Friday, March 10, 2017

Spring Forward to Safety

 
Daylight Savings Time happens this Sunday, March 12, at 2 a.m., and it'll be more than just a great way to seize an extra hour of sunlight through November. Spring is a great time to get your household back in gear, shake off those winter blues and plan for a new year ahead. As temperatures begin to rise, we know you'll be ready to take on a whole new set of adventures. Among these, it's important to keep safety and preparation in mind. Use the checklist below to ensure 2017 is on track for safety success.

1. Fire

Most new smoke alarms are designed to function properly for ten years, but in order to ensure your safety and that of those around you, we recommend that you test your smoke detectors once yearly. This task holds the number one spot on our list because it's a quick and easy way to save lives and stay prepared.

All smoke alarms have a test button located either on the side or on the bottom of the plastic casing. Pushing the test button sounds an alarm just like the one you’d hear in a real emergency. If the alarm sounds, your unit is receiving power. This is the first step to testing your smoke detector.

Next, test the smoke sensor. Start by purchasing a smoke detector aerosol, available at most local hardware stores for under $10. Spray the aerosol as instructed on the back of the can to ensure the alarm sounds.
Skipping this additional step might be tempting, but unless you frequently burn your casseroles, it's the only way of knowing whether the smoke detection on your alarm is functioning as intended.

Note:

If your smoke alarm is located near your kitchen, it may be more than plain old smoke that sets it off. Atomized fats, steam and even heat can trigger smoke alarms.
If your smoke alarm's noisy habits are burning you up, don't remove the batteries. Use your sensor's "mute" option to turn off smoke sensitivity while you cook, or turn on vents or fans to remove smoke before it has a chance to build up, switch to an oil with a low smoke temperature such as canola and make sure your smoke detector is free of dust. If all else fails, consider moving your unit further away from the kitchen.


2. Lifesaving

 
Emergency training, first aid and CPR are invaluable skills, both in everyday and emergency situations. Whether you're already certified or you're only vaguely familiar with these, there's never a better time to pursue professional training.
SOS Survival Products offers a variety of training courses for emergency preparation, fire safety and CPR, so you can use that extra hour of daylight to learn how to protect yourself and those around you.


If you don't live in the Van Nuys area, don't despair. Fire safety, first aid and CPR are taught in most cities, and classes can be found through sites like RedCross.org


3. Preparation

Emergency preparation takes planning, gear and rations. If you're just starting out, SOS Survival Products is a great place to begin. We offer a large selection of emergency preparedness supplies, free information and training equipment.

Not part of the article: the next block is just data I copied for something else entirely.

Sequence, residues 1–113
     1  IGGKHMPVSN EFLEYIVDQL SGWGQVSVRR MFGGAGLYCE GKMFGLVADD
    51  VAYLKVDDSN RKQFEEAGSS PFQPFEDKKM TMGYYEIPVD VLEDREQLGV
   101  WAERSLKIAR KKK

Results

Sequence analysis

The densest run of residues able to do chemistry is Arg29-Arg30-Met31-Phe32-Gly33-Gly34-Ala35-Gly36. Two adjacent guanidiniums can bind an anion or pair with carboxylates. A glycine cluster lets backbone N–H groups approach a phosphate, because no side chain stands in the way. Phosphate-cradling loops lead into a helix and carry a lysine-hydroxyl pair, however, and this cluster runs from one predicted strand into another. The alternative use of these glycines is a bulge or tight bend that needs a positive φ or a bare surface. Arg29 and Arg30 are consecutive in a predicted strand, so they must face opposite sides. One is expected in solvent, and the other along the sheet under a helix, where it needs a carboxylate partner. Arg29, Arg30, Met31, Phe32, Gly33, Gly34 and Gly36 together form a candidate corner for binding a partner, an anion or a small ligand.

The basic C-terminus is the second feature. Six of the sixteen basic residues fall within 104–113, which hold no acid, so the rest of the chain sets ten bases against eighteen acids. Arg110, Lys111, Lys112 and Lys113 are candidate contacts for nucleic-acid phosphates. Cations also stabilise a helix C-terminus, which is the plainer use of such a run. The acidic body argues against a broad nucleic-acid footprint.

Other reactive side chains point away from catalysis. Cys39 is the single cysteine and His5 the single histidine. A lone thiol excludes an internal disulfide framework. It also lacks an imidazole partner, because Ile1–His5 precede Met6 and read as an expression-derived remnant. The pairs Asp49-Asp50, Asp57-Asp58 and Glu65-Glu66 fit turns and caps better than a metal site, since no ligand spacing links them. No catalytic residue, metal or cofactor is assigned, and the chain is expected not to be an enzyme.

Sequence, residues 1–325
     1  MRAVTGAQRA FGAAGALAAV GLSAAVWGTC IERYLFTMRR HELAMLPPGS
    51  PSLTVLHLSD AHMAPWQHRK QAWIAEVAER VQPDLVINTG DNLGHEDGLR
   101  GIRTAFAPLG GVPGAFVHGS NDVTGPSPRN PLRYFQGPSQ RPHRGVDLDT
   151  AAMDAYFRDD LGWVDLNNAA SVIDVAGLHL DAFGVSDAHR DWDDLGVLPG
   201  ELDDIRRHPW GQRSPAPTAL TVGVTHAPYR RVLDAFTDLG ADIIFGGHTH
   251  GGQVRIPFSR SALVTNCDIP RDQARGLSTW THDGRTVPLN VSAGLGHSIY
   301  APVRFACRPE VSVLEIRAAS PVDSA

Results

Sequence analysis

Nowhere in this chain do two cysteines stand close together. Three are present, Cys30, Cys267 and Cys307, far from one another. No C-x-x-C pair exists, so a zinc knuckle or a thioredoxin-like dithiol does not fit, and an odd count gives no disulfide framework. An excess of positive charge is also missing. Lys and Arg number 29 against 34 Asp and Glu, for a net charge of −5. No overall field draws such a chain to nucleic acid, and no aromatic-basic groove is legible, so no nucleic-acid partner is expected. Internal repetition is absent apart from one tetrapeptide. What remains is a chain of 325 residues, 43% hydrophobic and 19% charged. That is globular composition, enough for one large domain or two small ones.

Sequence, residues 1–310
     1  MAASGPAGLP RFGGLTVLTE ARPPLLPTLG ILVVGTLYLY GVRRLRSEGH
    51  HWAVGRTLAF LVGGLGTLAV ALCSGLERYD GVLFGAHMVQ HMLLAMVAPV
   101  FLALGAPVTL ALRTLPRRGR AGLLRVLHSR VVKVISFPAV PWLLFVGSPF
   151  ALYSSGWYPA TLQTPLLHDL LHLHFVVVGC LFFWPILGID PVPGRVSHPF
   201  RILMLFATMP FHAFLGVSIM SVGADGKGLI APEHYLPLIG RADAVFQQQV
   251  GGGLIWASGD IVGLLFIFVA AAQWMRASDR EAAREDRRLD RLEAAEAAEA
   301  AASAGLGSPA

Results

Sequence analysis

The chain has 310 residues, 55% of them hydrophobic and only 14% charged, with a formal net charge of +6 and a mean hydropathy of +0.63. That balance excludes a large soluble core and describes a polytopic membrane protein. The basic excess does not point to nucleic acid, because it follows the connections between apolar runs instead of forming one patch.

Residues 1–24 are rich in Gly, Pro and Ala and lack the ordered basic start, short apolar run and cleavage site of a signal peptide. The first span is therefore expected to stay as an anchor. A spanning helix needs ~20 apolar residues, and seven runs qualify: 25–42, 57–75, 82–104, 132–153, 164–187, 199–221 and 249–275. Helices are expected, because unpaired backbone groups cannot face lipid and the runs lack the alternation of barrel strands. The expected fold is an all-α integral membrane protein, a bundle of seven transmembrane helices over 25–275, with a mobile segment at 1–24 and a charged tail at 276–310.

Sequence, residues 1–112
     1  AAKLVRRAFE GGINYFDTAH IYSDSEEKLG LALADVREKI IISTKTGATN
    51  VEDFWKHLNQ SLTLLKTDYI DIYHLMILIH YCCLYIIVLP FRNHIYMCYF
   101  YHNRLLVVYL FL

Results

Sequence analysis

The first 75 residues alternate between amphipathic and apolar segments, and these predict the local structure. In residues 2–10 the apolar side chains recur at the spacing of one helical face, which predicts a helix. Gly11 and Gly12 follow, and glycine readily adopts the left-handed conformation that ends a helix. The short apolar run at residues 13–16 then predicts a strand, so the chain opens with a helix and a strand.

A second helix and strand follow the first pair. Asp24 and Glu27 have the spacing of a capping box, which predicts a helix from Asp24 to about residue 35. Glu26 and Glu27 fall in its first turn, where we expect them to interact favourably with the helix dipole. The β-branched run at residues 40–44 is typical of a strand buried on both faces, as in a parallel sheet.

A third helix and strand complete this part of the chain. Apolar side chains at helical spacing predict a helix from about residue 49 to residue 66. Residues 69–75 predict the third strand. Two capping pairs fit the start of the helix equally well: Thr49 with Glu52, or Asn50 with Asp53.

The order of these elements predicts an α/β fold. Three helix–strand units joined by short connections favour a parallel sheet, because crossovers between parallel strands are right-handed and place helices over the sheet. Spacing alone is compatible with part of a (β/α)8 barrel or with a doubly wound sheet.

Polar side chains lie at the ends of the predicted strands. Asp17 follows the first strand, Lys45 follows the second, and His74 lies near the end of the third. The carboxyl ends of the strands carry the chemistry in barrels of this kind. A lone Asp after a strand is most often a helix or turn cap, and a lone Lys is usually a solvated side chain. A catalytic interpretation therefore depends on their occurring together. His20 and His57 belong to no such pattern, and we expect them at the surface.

If you're already prepared to handle an emergency, you know that maintenance is key. Ensure your
preparations are up to date by checking for damage, punctures, leaks and expiration dates. Additionally, review your checklist to make sure it's up to date. If you've recently started taking new medications, brought pets into your home or moved, your preparation kits and supplies will need an update.


4. Escape

Just like the fire and earthquake drills in school helped you to learn how to respond to potential emergencies, a review of your escape plan will allow you to feel confident in your ability to execute safety procedures as planned. Since practice makes perfect, we recommend taking every opportunity you have to review your safety steps, but do this at least twice a year. Use March 12 as a reminder to review, adjust and practice the steps of your safety and escape plan.


Involve everyone in your household so that if the time should come, you're all prepared.
In time, your family's safety and emergency plan review will become part of a routine, ensuring everyone is capable of taking care of his or her part in a real emergency situation.


5. Home, Vehicle & Yard


Safety preparedness isn't just about staying ahead of a major catastrophe. There are plenty of unexpected dangers lurking right nearby, making it vital not to neglect your home, yard and vehicle this spring.


Home

  • Clean your dryer vent
  • Stock your safety kit
  • Replace flashlight batteries
  • Test fire extinguishers


Vehicle

  • Keep tire pressure at the recommended PSI - the recommended pressure can be found in your owner's manual or on a sticker inside your door, and is usually between 30 and 35 PSI
  • Change your oil every 6,000 miles or sooner
  • Update your safety kit checklist


Yard

  • Check your fence for loose slats and damage
  • Inspect decks for structural safety
  • Cut down loose, dead or drooping branches
  • Ensure the structural integrity of pool security






2 comments:

  1. I love going to the SOS store and all the info on the blog. However, the font you're using is much too small to be read easily. Why not enlarge it and improve readability?

    ReplyDelete